Thursday, August 30, 2018

Arizona Supreme Court rejects ABA Model Rule 8.4(g)

Back in May I reported (and commented on the fact) that Tennessee had rejected Model Rule 8.4(g).  See here.

Now comes news that the Arizona Supreme Court has also denied a petition to adopt MR 8.4(g). The court doesn't usually explain its decisions on rule-making issues, so it is not surprising that it didn't do it in this case.  Thus, we don't know whether it just doesn't like the Model Rule, thinks it has constitutional issues, or thinks it is uncessary. It just said no.

As of now, only Vermont has adopted the rule.

Thanks to Patricia Sallen for the update.

Monday, August 20, 2018

Dept of Justice is challenging Tennessee Supreme Court's Bd on Professional Responsibility

A few days ago I wrote about a new opinion by the Board on Professional Responsibility of the Tennessee Supreme Court stating what is the generally accepted view on a prosecutor's duty to disclose exculpatory evidence.  See here.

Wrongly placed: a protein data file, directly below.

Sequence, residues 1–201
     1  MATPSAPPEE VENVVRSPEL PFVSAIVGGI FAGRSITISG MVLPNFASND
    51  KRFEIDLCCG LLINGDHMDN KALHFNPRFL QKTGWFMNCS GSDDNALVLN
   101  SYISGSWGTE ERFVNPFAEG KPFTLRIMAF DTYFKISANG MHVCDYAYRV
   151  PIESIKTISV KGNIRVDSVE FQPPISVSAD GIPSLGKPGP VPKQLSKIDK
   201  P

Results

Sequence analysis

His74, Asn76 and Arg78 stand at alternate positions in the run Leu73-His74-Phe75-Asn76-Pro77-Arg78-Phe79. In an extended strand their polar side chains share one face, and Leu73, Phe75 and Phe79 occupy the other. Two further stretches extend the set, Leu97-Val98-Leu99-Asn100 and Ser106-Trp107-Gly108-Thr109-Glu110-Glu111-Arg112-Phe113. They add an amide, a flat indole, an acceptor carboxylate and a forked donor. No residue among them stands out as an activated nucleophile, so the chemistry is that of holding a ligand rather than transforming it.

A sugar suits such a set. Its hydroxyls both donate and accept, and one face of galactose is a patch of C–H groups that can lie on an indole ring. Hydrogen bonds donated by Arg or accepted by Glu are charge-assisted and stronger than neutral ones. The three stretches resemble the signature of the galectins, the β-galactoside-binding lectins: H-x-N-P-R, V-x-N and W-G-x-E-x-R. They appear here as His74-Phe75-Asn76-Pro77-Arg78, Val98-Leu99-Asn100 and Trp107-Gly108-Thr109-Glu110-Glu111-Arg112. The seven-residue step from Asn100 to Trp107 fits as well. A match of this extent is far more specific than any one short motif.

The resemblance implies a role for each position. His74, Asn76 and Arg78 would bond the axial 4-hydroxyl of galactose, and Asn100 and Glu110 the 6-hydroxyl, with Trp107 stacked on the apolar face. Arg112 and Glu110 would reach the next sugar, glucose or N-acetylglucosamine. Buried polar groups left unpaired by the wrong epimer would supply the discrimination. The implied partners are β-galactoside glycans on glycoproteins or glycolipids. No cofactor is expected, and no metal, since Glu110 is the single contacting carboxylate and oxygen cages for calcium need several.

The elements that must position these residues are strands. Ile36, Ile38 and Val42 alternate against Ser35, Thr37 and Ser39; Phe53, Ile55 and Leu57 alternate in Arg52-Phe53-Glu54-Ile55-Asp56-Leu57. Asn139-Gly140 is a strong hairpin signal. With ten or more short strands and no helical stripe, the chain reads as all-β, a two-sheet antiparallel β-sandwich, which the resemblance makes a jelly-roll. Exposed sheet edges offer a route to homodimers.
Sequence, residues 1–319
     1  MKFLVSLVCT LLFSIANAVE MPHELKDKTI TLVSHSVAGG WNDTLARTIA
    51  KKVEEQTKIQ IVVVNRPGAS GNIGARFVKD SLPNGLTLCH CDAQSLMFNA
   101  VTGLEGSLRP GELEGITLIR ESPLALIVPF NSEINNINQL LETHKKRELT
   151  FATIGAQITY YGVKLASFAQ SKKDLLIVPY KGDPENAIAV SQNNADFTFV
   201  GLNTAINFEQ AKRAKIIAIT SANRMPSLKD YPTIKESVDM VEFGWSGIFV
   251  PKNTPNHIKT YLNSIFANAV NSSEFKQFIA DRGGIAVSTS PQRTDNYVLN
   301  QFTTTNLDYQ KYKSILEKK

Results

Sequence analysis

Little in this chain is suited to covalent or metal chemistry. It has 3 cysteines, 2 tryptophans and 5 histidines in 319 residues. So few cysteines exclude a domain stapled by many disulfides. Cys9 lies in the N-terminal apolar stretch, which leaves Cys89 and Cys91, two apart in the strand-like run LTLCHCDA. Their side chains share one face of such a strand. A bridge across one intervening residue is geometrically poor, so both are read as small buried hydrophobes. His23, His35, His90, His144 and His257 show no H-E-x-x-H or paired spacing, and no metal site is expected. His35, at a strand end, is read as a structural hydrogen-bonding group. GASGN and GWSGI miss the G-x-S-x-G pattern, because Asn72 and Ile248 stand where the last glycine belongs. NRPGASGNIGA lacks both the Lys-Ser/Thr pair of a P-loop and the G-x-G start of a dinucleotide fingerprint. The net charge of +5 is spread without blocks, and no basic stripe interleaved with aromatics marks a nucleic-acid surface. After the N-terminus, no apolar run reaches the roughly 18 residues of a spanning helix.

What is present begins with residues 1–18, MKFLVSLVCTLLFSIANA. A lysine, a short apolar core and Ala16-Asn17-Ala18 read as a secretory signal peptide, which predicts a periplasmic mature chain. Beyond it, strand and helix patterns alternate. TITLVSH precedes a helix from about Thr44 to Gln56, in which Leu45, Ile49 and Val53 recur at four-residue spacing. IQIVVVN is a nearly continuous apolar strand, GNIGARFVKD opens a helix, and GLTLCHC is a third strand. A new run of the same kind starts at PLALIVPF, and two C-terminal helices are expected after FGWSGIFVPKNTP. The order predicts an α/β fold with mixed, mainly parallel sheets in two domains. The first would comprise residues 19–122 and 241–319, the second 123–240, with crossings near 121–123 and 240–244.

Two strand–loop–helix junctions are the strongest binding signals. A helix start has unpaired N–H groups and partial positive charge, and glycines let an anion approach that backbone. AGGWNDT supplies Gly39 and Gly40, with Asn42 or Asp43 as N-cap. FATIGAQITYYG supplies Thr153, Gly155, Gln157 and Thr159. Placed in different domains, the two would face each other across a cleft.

This generally accepted view is that the ethical duty to disclose exculpatory evidence is broader than the duty established by Brady v. Maryland.  The ABA adopted this interpretation in Formal Opinion 09-454 and the Tennessee Supreme Court's Board of Professional Responsibility reiterated it earlier this year.

Yet, the US Department of Justice's three district attorneys in Tennessee sent a scathing 10-page letter demanding to appear before the board—a hearing that has now been scheduled for September.  As reported in the ABA Journal online, "[i]t’s the kind of little-noticed move the department makes all the time but could have a lasting impact on the criminal justice system."

The article in the ABA Journal online has more details.

Friday, August 17, 2018

Ethics issues related to "of counsel" lawyers - UPDATED

Ethical Grounds has a short comment on ethics issues related to "of counsel" lawyers here.

UPDATE 8/17/18:  If you want more information on issues related to "of counsel", particularly about conflicts of interest, you should check Bill Frievogel's On Conflicts website.

Friday, August 10, 2018

First group of non lawyer technicians in Utah is expected to be licensed in 2019 -- UPDATED